|Filed June 25, 1992|
Courtney Woehlhoff, Petitioner and Appellant
The State of North Dakota, Respondent and Appellee
Criminal No. 910385
Appeal from the District Court of Morton County, South Central Judicial District, the Honorable William F. Hodny, Judge.
Opinion of the Court by VandeWalle, Justice.
Rolf P. Sletten, City Center Plaza, Suite 12, 418 East Broadway, Bismarck, ND 58501, for petitioner and appellant.
Allen M. Koppy, State's Attorney, 210 2nd Avenue Northwest, Mandan, ND 58554, for respondent and appellee.
Woehlhoff v. State of North Dakota
Courtney Woehlhoff appealed from a district court order denying his application for post-conviction relief. We affirm.
Woehlhoff was convicted of theft of property. In his appeal from that conviction, he raised several issues, including an allegation of ineffective assistance of counsel. We affirmed the conviction without prejudice to Woehlhoff's right to raise the ineffective-assistance-of-counsel issue in post-conviction relief proceedings. State v. Woehlhoff, 473 N.W.2d 446 (N.D. 1991). Woehlhoff applied for relief pursuant to section 29-32.1-01, NDCC, based on his trial lawyer's failure to bring a motion to suppress evidence. After a hearing, the district court denied Woehlhoff's petition and this appeal followed.
Our state and federal constitutions guarantee criminal defendants the right to reasonably effective assistance of counsel. N.D. Const., Art. I, § 12; U.S. Const. Amends, 6, 14; Houle v. State, 482 N.W.2d 24 (N.D. 1992). Consequently, ineffective assistance of counsel is one ground for relief from a criminal conviction under our post-conviction procedure act. NDCC § 29-32.1-01(l)(a). The United States Supreme Court has stated a two-part test for allegedly ineffective assistance of counsel, and we use this test to assess claims based on the state constitution. Strickland v. Washington, 466 U.S. 668, 104 S.Ct. 2052, 80 L.Ed. 674 (1984); Houle, supra; State v. Patten, 353 N.W.2d 30 (N.D. 1984). First, a defendant "must show that there is a reasonable probability that, but for counsel's representation fell below an objective standard of reasonableness." 466 U.S. at 688, 104 S.Ct. At 2064. Second, the defendant "must show that there is a reasonable probability that, but for counsel's unprofessional errors, the result of the proceeding would have been different." 466 U.S. at 694, 104 S.Ct. at 2068. Thus, a defendant must demonstrate both deficient representation by counsel and prejudice caused by the deficient representation. Houle, supra.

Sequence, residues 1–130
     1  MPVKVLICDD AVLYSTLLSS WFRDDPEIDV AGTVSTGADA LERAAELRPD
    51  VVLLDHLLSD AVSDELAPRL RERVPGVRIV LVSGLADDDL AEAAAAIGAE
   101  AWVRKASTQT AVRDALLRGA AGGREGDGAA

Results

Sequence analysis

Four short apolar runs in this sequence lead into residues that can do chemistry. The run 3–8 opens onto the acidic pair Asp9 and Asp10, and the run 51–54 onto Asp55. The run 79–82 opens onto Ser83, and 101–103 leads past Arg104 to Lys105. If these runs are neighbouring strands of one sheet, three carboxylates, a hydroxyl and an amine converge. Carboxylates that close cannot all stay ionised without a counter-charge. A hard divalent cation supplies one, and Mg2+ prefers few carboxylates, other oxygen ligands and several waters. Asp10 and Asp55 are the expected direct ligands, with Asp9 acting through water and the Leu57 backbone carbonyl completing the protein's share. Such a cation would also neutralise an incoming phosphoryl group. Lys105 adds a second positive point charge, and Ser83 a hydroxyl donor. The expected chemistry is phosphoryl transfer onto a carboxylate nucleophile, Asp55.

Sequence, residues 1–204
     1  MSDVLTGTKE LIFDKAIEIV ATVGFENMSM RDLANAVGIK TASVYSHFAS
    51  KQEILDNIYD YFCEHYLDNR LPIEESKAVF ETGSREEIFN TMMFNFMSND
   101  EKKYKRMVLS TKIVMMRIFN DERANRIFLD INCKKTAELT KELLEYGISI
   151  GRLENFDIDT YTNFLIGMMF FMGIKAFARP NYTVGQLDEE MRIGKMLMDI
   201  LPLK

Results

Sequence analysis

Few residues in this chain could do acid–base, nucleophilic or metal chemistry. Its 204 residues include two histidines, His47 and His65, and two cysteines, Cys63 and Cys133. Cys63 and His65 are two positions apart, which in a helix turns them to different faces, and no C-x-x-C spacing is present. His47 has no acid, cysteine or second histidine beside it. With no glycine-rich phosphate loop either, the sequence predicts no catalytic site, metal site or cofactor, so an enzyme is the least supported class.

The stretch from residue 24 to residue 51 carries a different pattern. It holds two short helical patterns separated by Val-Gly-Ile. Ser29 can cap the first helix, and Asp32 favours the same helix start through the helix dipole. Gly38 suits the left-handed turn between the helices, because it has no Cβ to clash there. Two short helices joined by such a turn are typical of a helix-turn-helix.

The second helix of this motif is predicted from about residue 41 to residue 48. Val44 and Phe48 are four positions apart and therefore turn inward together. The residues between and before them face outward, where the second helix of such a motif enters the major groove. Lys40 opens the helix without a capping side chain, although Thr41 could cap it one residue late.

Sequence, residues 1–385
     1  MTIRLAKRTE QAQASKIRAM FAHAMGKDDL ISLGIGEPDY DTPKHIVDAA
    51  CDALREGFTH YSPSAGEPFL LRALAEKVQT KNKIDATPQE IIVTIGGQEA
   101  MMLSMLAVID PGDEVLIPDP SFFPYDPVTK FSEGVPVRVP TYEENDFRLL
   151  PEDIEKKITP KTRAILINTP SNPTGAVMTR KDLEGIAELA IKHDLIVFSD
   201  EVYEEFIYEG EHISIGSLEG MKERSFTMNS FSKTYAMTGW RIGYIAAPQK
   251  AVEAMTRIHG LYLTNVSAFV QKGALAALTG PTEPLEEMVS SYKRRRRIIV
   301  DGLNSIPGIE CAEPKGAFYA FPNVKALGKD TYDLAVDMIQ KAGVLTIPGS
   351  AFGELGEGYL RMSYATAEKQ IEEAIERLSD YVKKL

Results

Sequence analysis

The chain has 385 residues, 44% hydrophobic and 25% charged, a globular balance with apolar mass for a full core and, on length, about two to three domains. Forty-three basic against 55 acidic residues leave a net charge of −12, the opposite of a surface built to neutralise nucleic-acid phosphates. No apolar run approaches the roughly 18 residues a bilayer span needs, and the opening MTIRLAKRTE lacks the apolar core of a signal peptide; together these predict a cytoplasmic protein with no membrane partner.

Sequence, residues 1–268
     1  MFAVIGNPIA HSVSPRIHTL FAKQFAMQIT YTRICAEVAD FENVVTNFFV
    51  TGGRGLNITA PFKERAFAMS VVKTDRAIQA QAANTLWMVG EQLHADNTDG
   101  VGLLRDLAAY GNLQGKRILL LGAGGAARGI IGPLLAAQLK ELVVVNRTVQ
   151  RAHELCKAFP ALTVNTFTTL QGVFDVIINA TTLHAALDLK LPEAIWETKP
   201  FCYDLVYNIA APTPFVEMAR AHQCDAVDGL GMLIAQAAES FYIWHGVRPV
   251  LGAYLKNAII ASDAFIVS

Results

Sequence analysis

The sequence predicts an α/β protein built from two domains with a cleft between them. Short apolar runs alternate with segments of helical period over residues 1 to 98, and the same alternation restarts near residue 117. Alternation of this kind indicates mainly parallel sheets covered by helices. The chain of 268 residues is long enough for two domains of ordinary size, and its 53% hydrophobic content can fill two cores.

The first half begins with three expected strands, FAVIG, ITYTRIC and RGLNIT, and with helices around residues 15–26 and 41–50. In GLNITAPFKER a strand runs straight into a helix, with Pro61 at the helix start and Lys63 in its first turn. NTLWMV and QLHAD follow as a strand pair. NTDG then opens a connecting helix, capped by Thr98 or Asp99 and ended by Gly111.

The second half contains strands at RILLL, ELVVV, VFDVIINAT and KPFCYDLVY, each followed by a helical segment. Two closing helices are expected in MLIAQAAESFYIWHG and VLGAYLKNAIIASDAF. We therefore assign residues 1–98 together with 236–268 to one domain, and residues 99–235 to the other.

Woehlhoff contends that our statements in State v. Woehlhoff, supra, indicate the only issue is whether or not trial counsel had some justifiable reason for not moving to suppress the evidence obtained as a result of the search warrant, i.e., whether or not trial counsel's representation fell below an objective standard of reasonableness. In State v. Woehlhoff, we said that "without determining whether or not it should have been granted, it appears that a motion to suppress the evidence of the search warrant would have been appropriate. Nevertheless, we stop short of concluding that the failure to make that motion constituted ineffective assistance of counsel." 473 N.W.2d at 449. We then hypothesized two possible reasons why trial counsel may not have moved to suppress the evidence obtained as a result of the search warrant. Our statements followed our discussion of our decision in State v. Ricehill, 415 N.W.2d 481 (N.D. 1987), wherein we adopted a procedure that only when we are able to conclude from the record that defendant's trial counsel was ineffective will we reverse and remand for a new trial. Thus, in most instances, the issue of ineffective assistance of counsel should be raised before the trial court and a hearing held. We specifically noted that because it was not raised in the trial court, "Woehlhoff's contention that the search warrant was in violation of the requirement in our State and Federal Constitutions that no warrant should issue except upon probable cause cannot be considered or determined in the context of this appeal." 473 N.W.2d at 449.